You make a brief mention of off-shoring without putting forward any concrete proposals. This of course is the only practical option remaining if we can purchase a large tract of land somewhere outside Europe as British Sovereign territory where we can set up a civilised open permanent colony for refugees and illegals. In fact they are likely to self-segregate there with the genuine refugees remaining and the economic migrants moving on voluntarily. This will not be cheap if it is both to be attractive to the host country and provide a normal way of life with jobs, security and public services for the residents. However we currently have a massive overseas aid budget doing nothing particularly useful other than assuage some peoples’ guilt complexes which can be used to set it up, and in the longer term the colony should become self-sufficient with its own successful economy using the host country’s currency to facilitate trade with it.
With a large enough tract of land, or indeed several, we could then offer refugee services to other European countries for an appropriate fee thereby spreading the cost.
Visitors, Students and Seasonal workers.
You do not address this issue at all. I don’t have a problem with any number of students and school pupils coming to this country provided they leave at the end of their courses, as well as business people and others travelling frequently. However there appears to be a huge but unquantified problem with overstayers which must be addressed.
Frequent visitors and students could be issued with smart card visas, rather like Oyster cards, to facilitate their movements across our borders. Three months per annum or the duration of their courses would be uploaded free of charge, and then additional days up to nine months in each year could be purchased online at the current monthly quota rate. You appear to have removed the requirement to leave at the end of their courses and are now giving all students a right to remain for two years after graduating. This must be rescinded both as they are needed back in their home countries and because business must be forced to train up native workers. However a compromise is provided if some extra time can be purchased on the card at the current quota rate where employers are not immediately offering to sponsor and purchase a full resident and work visa within the quota.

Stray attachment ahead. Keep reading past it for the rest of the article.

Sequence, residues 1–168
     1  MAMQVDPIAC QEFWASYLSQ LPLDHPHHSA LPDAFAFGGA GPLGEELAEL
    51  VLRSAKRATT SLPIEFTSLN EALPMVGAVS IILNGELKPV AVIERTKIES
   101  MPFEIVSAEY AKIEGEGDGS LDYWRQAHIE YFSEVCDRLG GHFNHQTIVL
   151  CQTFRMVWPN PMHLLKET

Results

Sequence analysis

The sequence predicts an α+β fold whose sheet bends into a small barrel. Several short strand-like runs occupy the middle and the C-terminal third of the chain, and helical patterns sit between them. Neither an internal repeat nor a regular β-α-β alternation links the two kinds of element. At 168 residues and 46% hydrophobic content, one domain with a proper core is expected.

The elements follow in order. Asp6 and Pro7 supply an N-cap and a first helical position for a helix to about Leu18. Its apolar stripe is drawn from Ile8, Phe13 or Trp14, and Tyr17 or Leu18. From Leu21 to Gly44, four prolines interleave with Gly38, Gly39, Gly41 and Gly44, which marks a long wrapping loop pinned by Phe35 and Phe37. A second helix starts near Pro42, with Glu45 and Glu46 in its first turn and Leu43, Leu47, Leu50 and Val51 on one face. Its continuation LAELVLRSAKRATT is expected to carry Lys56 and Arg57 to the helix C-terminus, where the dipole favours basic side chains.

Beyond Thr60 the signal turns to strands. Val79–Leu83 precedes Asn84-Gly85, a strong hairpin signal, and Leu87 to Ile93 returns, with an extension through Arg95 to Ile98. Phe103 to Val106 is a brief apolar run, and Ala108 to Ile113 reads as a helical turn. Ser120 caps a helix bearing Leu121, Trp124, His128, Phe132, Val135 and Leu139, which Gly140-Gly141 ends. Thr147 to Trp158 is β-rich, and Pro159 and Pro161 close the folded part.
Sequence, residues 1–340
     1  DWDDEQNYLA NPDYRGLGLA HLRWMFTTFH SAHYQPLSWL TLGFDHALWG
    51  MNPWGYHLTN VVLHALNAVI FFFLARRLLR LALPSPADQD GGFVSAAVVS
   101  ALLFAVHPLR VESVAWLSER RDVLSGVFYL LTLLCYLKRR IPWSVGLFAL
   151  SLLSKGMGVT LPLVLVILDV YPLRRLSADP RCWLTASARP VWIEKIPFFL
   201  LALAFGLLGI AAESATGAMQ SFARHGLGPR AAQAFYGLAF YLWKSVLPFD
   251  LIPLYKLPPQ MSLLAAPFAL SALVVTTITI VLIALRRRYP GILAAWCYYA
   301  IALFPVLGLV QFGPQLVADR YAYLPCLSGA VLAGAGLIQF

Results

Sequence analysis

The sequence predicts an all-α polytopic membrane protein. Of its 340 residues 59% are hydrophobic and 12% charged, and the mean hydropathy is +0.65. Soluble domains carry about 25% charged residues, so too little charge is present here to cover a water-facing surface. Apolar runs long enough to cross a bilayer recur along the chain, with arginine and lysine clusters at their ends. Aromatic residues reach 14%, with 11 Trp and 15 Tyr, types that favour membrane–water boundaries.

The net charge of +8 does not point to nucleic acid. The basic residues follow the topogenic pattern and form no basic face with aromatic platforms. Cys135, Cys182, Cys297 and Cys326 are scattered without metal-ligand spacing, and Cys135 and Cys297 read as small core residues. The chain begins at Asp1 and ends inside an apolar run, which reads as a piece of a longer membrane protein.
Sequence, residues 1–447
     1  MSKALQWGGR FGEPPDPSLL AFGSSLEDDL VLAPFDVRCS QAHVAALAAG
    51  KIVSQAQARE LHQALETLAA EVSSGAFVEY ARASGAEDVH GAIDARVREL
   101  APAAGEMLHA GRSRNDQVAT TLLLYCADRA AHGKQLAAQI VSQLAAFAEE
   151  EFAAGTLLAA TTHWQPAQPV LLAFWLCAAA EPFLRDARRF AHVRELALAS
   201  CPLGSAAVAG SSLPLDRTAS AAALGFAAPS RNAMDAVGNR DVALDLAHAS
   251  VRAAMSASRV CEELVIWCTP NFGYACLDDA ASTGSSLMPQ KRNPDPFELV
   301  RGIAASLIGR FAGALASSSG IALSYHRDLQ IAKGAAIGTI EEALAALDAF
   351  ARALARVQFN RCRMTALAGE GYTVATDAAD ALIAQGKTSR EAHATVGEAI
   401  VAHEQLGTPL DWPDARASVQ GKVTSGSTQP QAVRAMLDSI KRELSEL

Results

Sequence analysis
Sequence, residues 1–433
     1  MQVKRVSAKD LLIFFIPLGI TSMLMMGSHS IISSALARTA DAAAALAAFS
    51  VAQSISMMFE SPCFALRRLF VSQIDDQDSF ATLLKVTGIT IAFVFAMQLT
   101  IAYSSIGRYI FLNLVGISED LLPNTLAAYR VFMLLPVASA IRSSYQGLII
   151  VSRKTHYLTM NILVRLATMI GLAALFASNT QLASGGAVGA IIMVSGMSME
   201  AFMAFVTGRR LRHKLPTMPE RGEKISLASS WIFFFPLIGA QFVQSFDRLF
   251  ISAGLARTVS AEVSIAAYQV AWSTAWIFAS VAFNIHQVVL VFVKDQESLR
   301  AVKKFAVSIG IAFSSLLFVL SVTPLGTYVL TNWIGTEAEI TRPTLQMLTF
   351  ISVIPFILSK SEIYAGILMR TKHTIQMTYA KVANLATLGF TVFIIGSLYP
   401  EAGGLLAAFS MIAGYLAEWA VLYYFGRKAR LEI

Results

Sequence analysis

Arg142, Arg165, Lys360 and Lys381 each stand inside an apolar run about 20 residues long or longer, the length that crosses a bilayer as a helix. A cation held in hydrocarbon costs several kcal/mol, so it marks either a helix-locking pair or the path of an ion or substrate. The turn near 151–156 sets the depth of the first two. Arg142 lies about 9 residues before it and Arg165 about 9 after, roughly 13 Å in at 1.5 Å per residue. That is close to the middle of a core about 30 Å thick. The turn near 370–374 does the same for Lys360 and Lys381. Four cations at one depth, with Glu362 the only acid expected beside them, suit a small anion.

Either way it is important that we have full bio-details of everyone who comes here. It is then a simple matter of placing names and photos of overstayers on a website if they fail to check out in time and offering say a £100 reward for information leading to their arrest.
Border police should come under general national police management, albeit as a separate force, so that all police across the country have a responsibility to cooperate with each other over the policing of our borders.
Your plan only scratches the surface of the immigration catastrophe we are now reeling under in this country and therefore I do urge you to consider seriously the possible solutions I have outlined above. Patel is fiddling while Rome burns.